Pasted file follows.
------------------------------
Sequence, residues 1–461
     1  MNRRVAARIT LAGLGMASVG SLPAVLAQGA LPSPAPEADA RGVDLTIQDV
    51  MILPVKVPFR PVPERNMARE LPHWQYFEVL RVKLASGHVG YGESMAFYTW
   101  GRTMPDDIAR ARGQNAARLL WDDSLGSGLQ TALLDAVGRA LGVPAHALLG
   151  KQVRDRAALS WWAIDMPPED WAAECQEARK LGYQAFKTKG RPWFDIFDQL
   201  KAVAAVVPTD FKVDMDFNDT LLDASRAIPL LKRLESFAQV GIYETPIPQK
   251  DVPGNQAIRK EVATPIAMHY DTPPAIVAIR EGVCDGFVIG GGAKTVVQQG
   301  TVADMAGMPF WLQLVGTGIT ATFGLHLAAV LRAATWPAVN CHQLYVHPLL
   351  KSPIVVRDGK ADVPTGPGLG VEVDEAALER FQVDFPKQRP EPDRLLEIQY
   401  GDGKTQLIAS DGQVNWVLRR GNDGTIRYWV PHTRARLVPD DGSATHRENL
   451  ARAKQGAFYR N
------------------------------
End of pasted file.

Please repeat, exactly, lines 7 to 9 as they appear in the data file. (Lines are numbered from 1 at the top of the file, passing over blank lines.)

   251  DVPGNQAIRK EVATPIAMHY DTPPAIVAIR EGVCDGFVIG GGAKTVVQQG
   301  TVADMAGMPF WLQLVGTGIT ATFGLHLAAV LRAATWPAVN CHQLYVHPLL
   351  KSPIVVRDGK ADVPTGPGLG VEVDEAALER FQVDFPKQRP EPDRLLEIQY